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Old 17-09-2012, 19:50   #1
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Dipole Antenna

Hello,I have a 50ft ketch and I'am looking into streaching a wire antenna between my 2 masts..I have seen this on fishing boats for C.B.,SSB,VHF and am radio.Does anyone have any info on this subject....
Thanks in advance,
d.evans
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Old 17-09-2012, 20:11   #2
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Re: dipole antenna

I could write a book on this but, don't be scared, I promise not to!

First, if you're going to use a dipole antenna, it would either be a single-band tuned dipole (for one band only) or a multi-band dipole. The latter would require open wire or balanced feedline and, while an effective antenna, is not particularly well suited to the marine environment. The feedline tends to blow and bounce around a lot in rough weather. However, at anchor or in port, this type antenna can work well. The G5RV and G5RV Junior antennas are a good example.

Rigging an efficient SSB antenna on a ketch is always a challenge. I have a friend with a 56' LOD ketch who's solved the problem by using the topmast shroud on his mizzen antenna and a jumper wire up to the triatic stay. He's using a 4:1 un-un at the base, going to an automatic tuner belowdecks. It works pretty well.

Many ketches use a single backstay on the main. Some use whip antennas on the stern.

There are many potential solutions, depending on your specific rigging details. Few are really great antennas because of the incredible amount of rigging required for the ketch rig. Most are workable, though.

FWIW,

Bill
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Old 17-09-2012, 20:12   #3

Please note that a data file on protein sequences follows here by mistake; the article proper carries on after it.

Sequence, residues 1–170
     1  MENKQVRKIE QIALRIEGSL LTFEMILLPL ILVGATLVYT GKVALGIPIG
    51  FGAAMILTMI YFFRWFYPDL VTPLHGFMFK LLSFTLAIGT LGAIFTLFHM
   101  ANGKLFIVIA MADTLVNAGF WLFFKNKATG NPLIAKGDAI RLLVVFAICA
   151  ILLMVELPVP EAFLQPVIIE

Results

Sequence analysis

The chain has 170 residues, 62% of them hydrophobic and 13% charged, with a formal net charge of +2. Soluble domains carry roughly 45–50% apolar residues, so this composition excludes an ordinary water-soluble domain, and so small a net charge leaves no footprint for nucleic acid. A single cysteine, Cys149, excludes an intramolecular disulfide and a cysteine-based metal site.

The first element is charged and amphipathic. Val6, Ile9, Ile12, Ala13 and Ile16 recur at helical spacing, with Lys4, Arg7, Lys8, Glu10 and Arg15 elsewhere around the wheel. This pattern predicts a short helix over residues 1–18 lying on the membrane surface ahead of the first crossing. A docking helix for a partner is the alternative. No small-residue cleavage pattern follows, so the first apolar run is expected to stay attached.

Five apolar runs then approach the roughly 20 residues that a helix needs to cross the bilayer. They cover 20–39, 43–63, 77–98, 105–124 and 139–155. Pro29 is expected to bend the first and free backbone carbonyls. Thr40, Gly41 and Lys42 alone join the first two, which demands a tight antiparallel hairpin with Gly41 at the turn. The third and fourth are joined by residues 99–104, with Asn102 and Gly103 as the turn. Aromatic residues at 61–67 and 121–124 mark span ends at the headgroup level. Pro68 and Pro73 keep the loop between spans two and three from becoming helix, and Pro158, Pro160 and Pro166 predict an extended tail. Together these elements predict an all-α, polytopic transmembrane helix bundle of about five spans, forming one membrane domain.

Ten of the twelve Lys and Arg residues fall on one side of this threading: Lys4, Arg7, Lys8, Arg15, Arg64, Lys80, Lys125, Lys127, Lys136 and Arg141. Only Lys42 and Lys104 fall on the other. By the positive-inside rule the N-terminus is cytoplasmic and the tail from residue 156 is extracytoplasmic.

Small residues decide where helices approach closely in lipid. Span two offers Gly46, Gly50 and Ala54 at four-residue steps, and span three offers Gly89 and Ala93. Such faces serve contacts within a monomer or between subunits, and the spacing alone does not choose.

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Re: dipole antenna

Bill's Marine Pix
Go to the link and open the Marine Antenna album. Bill Trayfors has posted a nice "How To" for vertical dipoles that work well for him.

Oop, I posted this while Bill was posting.
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Old 17-09-2012, 20:43   #4
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Re: Dipole Antenna

The term dipole implies it is cut to a resonant length which would limit you to only a small frequency range. You can construct a multi-band dipole using different resonant lengths of wire fed at a common point as well.

This doesn't require open wire feed line. You can run coax to the common feed point typically a balun. There are various frequency calculation charts and formulas all over the internet for reference. The added benefit is that no tuner should be required.
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Old 17-09-2012, 21:05   #5
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Re: Dipole Antenna

Quote:
Originally Posted by S/V Illusion View Post
The term dipole implies it is cut to a resonant length which would limit you to only a small frequency range. You can construct a multi-band dipole using different resonant lengths of wire fed at a common point as well.

This doesn't require open wire feed line. You can run coax to the common feed point typically a balun. There are various frequency calculation charts and formulas all over the internet for reference. The added benefit is that no tuner should be required.
That's true, but:

1. a multi-band dipole fashioned from different resonant lengths of wire fed at a common point is, IMHO, totally impractical for a marine application;

2. multi-band dipoles can be constructed in several ways, including the one I mentioned: using a balanced feedline instead of coax, and a tuner. This works very well but, again, isn't really practical for a seagoing boat.

3. another way to make multiband dipoles is to use traps. However, these, too, are impractical in the marine environment.

Bottom line:

1. single-band VERTICAL dipoles are GREAT DX antennas, and work very well in the marine environment, especially for 10 mHz and above. They do not require a tuner, and can take all the power you can feed them.

2. multi-band dipoles -- however constructed -- are not likely to be long-lasting in a real marine environment.

3. the best versatile, all-band antenna for a sailboat is either a random-length wire (like an insulated backstay) fed with an autotuner, or a vertical whip also fed with an autotuner.

On my 42' sloop I have all three: an insulated backstay with an auto-tuner; vertical dipoles for 20m and 15m; and a stern-mounted mobile whip antenna with resonators for various bands. It's interesting to compare their effectiveness on various bands and over various signal paths...something I've done for several decades.

Bill
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